NBA Power Rankings, Final: If You Believe In Momentum, Post-Break Rankings May Surprise

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There are those who believe in the concept of going into the postseason with momentum, that what a team has done lately is more indicative of how they will do now that the playoffs have arrived. So the HoopsHabit NBA Power Rankings has decided to test that theory.

Using the same formula used to derive the rankings that follow, what all 30 NBA teams did after the All-Star break was put through the blender. What was poured out might surprise some.

  • 1. San Antonio (24-5)
  • 2. L.A. Clippers (20-7)
  • 3. Golden State (20-9)
  • 4. Charlotte (20-9)
  • 5. Memphis (21-9)
  • 6. Chicago (21-9)
  • 7. Toronto (20-10)
  • 8. Houston (18-11)
  • 9. Portland (18-11)
  • 10. Washington (19-11)
  • 11. Dallas (17-11)
  • 12. Oklahoma City (16-11)
  • 13. Brooklyn (20-11)
  • 14. Phoenix (18-13)
  • 15. Miami (17-14)
  • 16. New York (17-13)
  • 17. Minnesota (15-14)
  • 18. Indiana (16-14)
  • 19. Cleveland (13-16)
  • 20. Atlanta (13-18)
  • 21. Denver (12-19)
  • 22. New Orleans (11-19)
  • 23. Sacramento (10-19)
  • 24. L.A. Lakers (9-20)
  • 25. Orlando (7-21)
  • 26. Detroit (7-23)
  • 27. Milwaukee (6-24)
  • 28. Boston (6-22)
  • 29. Utah (6-24)
  • 30. Philadelphia (4-24)

There were some of these results I was ready for—obviously, San Antonio was the best team in the NBA in the second half.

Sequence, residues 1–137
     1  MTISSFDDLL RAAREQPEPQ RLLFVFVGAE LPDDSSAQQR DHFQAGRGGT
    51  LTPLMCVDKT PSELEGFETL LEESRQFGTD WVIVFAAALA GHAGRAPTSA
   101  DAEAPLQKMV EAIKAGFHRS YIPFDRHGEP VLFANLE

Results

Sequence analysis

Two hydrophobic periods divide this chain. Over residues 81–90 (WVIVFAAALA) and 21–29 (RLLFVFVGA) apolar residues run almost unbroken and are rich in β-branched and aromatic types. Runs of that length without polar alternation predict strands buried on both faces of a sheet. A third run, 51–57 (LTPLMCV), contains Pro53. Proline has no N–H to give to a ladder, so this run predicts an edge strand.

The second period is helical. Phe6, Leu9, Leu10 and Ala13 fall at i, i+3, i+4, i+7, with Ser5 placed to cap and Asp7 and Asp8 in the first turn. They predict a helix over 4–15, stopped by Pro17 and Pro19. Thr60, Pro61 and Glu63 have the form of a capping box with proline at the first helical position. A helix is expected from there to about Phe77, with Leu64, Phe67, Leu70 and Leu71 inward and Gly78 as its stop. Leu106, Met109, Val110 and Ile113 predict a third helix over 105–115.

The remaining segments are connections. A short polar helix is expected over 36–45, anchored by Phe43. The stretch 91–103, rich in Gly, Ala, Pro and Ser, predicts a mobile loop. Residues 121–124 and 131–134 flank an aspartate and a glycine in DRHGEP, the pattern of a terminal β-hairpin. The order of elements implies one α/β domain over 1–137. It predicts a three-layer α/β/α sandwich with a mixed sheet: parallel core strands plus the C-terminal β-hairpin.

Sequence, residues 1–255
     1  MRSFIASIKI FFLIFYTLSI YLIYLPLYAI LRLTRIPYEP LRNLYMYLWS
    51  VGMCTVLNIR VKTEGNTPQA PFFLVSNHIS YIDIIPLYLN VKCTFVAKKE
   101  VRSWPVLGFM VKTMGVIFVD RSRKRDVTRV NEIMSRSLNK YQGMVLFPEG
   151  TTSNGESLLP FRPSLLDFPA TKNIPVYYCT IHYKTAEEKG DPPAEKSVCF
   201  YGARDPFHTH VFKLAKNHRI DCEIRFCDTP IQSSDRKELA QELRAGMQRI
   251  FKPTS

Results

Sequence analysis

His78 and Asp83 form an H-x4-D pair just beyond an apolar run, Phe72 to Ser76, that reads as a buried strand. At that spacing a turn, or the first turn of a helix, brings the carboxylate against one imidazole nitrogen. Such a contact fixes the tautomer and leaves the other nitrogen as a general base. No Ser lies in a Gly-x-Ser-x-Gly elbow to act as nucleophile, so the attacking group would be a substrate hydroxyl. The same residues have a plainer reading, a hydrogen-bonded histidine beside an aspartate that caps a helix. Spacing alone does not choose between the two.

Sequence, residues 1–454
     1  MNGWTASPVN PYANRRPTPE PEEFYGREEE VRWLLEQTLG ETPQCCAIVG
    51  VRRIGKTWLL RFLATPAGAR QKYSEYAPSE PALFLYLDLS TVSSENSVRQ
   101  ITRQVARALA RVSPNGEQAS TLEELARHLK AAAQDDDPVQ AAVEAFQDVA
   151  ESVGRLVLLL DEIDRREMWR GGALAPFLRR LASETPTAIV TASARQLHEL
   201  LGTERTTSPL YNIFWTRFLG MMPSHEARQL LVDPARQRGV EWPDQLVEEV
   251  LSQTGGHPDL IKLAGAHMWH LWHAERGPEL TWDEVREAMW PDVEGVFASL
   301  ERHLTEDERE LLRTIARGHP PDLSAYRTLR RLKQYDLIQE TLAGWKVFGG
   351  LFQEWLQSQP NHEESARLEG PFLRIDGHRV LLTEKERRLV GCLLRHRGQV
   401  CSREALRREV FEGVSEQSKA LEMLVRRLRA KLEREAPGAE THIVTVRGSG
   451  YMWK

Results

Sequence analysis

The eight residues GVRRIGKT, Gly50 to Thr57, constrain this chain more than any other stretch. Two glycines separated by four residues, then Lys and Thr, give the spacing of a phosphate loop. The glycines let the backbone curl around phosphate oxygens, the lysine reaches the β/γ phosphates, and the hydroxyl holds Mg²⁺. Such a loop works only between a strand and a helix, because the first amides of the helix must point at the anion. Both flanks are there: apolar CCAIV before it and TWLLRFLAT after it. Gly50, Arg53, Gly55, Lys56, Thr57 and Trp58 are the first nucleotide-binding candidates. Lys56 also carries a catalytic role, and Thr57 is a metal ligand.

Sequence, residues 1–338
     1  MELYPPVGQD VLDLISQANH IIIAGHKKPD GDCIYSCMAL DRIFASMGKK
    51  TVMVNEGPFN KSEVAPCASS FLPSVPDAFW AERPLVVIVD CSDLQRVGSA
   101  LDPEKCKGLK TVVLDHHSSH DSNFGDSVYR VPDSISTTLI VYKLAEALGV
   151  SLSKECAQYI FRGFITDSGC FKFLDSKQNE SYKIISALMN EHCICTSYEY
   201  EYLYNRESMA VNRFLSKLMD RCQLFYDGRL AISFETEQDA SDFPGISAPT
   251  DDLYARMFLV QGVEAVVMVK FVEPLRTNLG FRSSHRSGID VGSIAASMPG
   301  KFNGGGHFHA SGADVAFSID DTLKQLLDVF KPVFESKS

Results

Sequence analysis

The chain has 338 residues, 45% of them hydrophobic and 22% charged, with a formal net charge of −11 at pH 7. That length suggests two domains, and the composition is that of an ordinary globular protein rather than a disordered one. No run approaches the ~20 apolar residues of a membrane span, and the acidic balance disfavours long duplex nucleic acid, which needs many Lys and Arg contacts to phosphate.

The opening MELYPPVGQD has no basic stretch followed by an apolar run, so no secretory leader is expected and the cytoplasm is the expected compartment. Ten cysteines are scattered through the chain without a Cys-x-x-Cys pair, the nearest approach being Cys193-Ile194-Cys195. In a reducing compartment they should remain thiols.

But the best team in the East was … the Charlotte Bobcats?

The Charlotte Bobcats.

Once more, just so I can process this: The. Charlotte. Bobcats.

Not surprisingly, the Atlanta Hawks had the weakest second half of any of the 16 playoff teams, but the Indiana Pacers were second-worst. That doesn’t bode well for the top seed in the Eastern Conference.

And there at third-worst among playoff teams … the Miami Heat, the two-time defending champions, the team that’s gone to three straight NBA Finals.

Probably just as surprising is that Oklahoma City, the second seed in the West, was the worst of the eight playoff teams in the Western Conference.

The amount of separation between the Spurs and the Clippers at the top was only slightly less, however, than the separation between third-place Golden State and 13th-ranked Brooklyn, so it’s one of those cases where those San Antonio and L.A. were head and shoulders above the rest after the break.

And just think—in a couple of months, we’ll know whether any of it mattered at all.

With that, on to the final NBA Power Rankings for 2013-14 (all statistical information via nba.com/Stats):

 

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